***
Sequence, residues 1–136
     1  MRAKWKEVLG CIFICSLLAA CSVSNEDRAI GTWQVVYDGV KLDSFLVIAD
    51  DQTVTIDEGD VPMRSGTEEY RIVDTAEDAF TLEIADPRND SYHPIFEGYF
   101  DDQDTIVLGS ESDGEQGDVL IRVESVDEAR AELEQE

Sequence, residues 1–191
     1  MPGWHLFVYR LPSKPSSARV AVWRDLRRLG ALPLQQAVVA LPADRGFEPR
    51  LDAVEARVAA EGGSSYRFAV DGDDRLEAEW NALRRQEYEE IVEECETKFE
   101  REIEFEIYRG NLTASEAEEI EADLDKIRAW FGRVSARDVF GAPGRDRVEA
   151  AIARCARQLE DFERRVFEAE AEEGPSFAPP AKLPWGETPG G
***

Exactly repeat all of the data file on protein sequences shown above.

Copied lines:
Sequence, residues 1–136
     1  MRAKWKEVLG CIFICSLLAA CSVSNEDRAI GTWQVVYDGV KLDSFLVIAD
    51  DQTVTIDEGD VPMRSGTEEY RIVDTAEDAF TLEIADPRND SYHPIFEGYF
   101  DDQDTIVLGS ESDGEQGDVL IRVESVDEAR AELEQE

Sequence, residues 1–191
     1  MPGWHLFVYR LPSKPSSARV AVWRDLRRLG ALPLQQAVVA LPADRGFEPR
    51  LDAVEARVAA EGGSSYRFAV DGDDRLEAEW NALRRQEYEE IVEECETKFE
   101  REIEFEIYRG NLTASEAEEI EADLDKIRAW FGRVSARDVF GAPGRDRVEA
   151  AIARCARQLE DFERRVFEAE AEEGPSFAPP AKLPWGETPG G